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The choir loft rested on elliptical arches. The church roof was supported by 12 well-wrought pillars, rectangular in shape, fluted with tiny canals terminating in Ionic capitals. From pillar to pillar were semicircular arches decorated at the center with cartouches. Then from pillar to the 2.74 meter-thick wall were equally well-wrought arches, together forming domes of stone. Above these arches, galleries were made to accommodate large crowds for such times as Lent, missions, and solemn feasts. The idea of the gallery was not novel. Santa Ana on the same spot had already used it. Il Gesu in Rome also had galleries, called correte. The upper gallery, covered with domes, rested on the pillars that echoed those below. The axis of these domes coincided with those below. The interior gave an overall impression of solemnity. The crossing of the principal nave and transept was covered by an octagonal crossing tower, which had a window on every side to allow light to filter into the church. The crossing tower’s exterior had a gallery that ran around it, making the dome accessible from outside. San Ignacio, the titular of the church, was depicted in a life-size statue and located in a niche on the second level of the retablo that was all of four stories. The retablo was richly gilded, and before it stood an altar with a frontal of finely chased silver. Flanking the altar and distributed throughout the nave were lampstands, also of silver. At the side of the transepts were the collateral naves. Beneath the choir loft stood altars dedicated to different saints. At the right side was the altar of the crucifix. There was also the altar of the Blessed Virgin under the invocation of Dolores and Loreto. The collateral aisles, which terminated in chapels, had one dedicated to San Jose and the other to San Francisco Xavier. Beneath the choir loft were smaller altars for San Francisco Regis and San Luis Gonzaga; and San Juan Nepomuceno and San Joaquin, the Blessed Virgin’s father. An auxiliary entrance on the gospel flank of the nave was also loaded with ornamentation.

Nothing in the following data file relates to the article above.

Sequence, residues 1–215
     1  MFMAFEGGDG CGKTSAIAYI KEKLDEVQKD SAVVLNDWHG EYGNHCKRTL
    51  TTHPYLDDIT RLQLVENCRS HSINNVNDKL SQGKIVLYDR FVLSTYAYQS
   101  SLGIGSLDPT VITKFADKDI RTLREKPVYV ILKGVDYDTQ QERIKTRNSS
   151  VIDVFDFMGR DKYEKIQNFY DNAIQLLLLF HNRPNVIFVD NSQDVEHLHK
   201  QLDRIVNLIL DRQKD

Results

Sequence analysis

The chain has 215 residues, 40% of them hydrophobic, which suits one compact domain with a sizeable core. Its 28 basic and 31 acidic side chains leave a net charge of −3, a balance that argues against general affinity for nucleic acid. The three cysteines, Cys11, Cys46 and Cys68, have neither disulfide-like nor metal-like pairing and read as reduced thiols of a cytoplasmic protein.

The second San Ignacio was built to serve two purposes: as the oratory or college chapel of the Ateneo Municipal de Manila and as the central Jesuit church in the Philippines. The Ateneo used the church for special occasions or when large crowds were expected, otherwise, the Ateneo used the students’ chapel dedicated to the Immaculate Conception.

San Ignacio Church
San Ignacio Church

It was considered the masterpiece of the Filipino artists Isabelo Tampinco et al, and the architect Felix Roxas Sr. The plan was drawn by Roxas, who had trained in England and had traveled extensively in Europe and India. The cornerstone was laid on 9 February 1878, with the archbishop of Manila the Dominican Pedro Payo presiding over the rites. He was also one of the principal patrons of the church, who donated part of his garden as the site for the San Ignacio. Roxas died while the church was being built, and the Jesuit brother Francisco Riera took over the supervision of the work. Riera would later help build churches in Mindanao, among them the Dapitan Church and the Jasaan Church, the latter patterned after Roxas’s San Ignacio. In 1882 Tampingco and 50 to 60 artisans, including his father-in-law Crispulo Jocson, began finishing the church interior following designs drawn by Agustin Saez and sometimes improving on them. Saez was director of the Academia de Dibujo y Pintura and a teacher of art at Ateneo. Tampinco and his artisans carved the retablo, colonnade, and coffered ceiling of the church using hardwood from Surigao. A Spaniard, Francisco Rodoreda, carved the three marble altars, and a Filipino, Felix Martinez, painted canvases of Jesuit saints. The bell tower, made of iron sheets, was built by Jose Fuentes, a government engineer. On the whole, Roxas’s plan was executed except for a cupola, which the Jesuits decided not to build for lack of funds, and the bell tower, which was built taller and slimmer. In 1895 a crypt was dug under the main altar to hold the remains of Jesuits who had worked in the Philippines since the 16th century. In 1932 a fire swept Intramuros, destroying Ateneo but leaving San Ignacio intact. The church was finally destroyed by fire in 1945 during the Battle of Manila.